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'Worsening Plight of the Hungry'

April 24, 1985

I agree with Kostmayer that the United States should not cut foreign aid funds for family planning in developing countries. I take exception, however, with his analysis that overpopulation is the cause of malnutrition, hunger and famine.

The famine in Africa is the result of crop failures due to a multi-year drought--severe lack of rainfall coupled with nonexistent irrigation systems to bring water to farmlands.

Malnutrition, hunger and high infant mortality rates are the cause of overpopulation. In developing countries, couples have children for practical reasons: to help produce food and to assure that there will be someone to care for the couple in their later aging years. In many African countries, 20% of all children die before their first birthday due to the vicious cycle of malnutrition and disease.

In order to break this vicious cycle that leads to overpopulation, it is important to concentrate on implementing effective programs that have been proven to decrease infant mortality:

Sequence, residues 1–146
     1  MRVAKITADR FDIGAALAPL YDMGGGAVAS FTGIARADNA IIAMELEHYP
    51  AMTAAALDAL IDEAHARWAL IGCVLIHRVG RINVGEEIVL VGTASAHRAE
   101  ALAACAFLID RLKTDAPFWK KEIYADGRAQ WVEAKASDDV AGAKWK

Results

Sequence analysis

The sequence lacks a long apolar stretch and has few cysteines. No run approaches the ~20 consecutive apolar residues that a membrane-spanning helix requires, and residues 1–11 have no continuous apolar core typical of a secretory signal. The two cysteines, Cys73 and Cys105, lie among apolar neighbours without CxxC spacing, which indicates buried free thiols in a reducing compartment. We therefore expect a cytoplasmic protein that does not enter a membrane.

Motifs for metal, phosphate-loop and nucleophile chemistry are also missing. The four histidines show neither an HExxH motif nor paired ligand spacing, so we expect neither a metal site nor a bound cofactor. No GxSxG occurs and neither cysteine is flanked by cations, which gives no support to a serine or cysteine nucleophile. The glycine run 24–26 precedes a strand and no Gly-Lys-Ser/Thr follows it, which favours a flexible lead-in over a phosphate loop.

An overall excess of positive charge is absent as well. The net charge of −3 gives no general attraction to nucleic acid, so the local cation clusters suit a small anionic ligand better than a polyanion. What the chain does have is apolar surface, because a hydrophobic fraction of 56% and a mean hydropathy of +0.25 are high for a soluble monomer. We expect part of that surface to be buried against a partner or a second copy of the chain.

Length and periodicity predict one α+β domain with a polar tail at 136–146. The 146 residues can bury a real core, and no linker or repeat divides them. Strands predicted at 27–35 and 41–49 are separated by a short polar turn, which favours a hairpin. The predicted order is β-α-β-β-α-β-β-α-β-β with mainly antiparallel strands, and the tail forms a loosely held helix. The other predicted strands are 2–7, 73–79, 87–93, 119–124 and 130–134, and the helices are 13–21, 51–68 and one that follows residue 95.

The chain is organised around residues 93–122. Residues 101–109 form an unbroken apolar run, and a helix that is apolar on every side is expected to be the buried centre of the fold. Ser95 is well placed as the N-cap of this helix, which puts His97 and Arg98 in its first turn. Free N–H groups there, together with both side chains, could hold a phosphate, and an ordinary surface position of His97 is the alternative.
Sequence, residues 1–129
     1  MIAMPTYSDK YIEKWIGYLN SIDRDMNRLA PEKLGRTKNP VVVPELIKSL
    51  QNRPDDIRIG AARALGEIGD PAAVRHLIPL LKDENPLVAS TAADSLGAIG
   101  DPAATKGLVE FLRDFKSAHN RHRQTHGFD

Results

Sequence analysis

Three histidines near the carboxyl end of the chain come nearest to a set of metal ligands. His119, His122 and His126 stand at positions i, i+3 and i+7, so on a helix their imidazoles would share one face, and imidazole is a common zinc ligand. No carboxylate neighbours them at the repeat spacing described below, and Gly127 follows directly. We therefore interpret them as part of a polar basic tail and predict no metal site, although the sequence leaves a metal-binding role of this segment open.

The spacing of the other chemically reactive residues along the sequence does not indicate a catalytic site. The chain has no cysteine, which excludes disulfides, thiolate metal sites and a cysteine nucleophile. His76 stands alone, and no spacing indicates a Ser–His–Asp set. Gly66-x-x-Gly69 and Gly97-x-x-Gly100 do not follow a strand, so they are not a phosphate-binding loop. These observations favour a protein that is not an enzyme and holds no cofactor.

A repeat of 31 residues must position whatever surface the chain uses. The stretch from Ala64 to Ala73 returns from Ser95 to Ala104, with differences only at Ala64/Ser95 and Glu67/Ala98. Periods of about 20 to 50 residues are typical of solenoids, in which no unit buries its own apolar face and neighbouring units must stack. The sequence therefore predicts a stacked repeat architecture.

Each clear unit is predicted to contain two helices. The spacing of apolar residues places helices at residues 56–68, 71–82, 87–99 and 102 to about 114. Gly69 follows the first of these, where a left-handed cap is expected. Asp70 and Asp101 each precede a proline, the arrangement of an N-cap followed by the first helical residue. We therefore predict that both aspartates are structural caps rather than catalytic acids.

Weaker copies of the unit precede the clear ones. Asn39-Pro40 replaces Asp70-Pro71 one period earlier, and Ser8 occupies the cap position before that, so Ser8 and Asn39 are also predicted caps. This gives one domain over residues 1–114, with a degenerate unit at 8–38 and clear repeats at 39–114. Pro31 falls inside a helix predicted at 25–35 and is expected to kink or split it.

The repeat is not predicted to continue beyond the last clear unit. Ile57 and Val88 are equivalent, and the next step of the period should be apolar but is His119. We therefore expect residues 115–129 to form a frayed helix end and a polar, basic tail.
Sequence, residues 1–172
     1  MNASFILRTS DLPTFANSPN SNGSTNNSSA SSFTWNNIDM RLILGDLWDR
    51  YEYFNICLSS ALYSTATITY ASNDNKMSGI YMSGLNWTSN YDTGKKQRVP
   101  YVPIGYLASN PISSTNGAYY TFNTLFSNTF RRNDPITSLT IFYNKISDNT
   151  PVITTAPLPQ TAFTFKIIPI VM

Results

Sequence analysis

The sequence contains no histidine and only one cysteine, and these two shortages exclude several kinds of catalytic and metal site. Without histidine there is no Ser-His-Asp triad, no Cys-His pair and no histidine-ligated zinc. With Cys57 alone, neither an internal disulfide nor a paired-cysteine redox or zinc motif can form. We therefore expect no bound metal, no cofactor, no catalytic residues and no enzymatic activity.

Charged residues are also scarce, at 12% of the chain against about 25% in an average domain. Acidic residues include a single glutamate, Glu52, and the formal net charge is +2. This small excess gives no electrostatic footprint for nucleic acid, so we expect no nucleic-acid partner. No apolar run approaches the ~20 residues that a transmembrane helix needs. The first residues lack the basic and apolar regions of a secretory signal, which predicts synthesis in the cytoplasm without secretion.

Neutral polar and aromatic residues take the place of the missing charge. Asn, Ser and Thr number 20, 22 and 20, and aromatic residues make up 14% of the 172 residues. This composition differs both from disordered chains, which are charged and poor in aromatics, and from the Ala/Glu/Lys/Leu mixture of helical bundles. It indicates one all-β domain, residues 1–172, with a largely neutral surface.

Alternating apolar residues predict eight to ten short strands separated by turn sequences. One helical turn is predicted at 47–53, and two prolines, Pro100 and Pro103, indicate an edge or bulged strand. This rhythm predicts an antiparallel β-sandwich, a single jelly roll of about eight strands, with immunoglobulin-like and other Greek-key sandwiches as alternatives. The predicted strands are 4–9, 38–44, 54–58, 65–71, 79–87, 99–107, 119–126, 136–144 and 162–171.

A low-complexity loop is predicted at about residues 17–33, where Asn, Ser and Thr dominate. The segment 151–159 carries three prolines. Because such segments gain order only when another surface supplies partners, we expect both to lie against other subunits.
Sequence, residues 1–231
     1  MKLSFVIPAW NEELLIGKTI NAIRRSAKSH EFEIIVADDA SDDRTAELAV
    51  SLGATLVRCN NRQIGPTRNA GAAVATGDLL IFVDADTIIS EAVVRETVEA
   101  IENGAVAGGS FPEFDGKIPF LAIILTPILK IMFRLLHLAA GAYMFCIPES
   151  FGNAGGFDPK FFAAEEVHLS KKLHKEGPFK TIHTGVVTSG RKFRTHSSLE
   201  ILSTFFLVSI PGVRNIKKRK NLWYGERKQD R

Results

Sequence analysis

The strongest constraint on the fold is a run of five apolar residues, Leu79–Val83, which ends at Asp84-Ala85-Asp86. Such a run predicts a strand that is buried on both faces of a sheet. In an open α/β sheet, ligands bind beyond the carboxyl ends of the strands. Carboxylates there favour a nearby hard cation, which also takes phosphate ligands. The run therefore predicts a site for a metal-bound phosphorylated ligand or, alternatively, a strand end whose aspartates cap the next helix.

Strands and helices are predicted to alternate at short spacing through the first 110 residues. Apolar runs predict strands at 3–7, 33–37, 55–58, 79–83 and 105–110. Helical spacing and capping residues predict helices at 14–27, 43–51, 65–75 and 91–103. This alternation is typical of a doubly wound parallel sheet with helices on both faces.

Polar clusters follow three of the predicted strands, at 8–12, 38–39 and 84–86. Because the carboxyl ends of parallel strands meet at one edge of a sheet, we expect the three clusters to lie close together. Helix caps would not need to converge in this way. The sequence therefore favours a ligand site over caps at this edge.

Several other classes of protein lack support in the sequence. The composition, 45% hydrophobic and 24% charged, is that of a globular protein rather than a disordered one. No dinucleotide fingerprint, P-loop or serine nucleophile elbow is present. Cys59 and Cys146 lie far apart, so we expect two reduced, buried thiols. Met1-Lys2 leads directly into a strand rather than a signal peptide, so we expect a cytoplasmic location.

--Immunizing all children against childhood diseases (this can save 5 million childrens' lives each year).

--Making available oral rehydration therapy to stop death from dehydration following bouts of diarrhea (this can save an additional 5 million children each year).

Preventive treatment for these two most frequent causes of death afflicting malnourished children can cost only $20 per child. Child deaths are estimated to be 35,000 to 40,000 per day! These two measures alone could reduce this gruesome reality by as much as 50%, according to UNICEF.

Only when couples have the assurance that their children have a chance to survive into adulthood will the couple be ready to look into some form of family planning. It is a proven fact that in countries where infant mortality has been reduced, the birthrate has also shown a sharp decline.


Lake Forest

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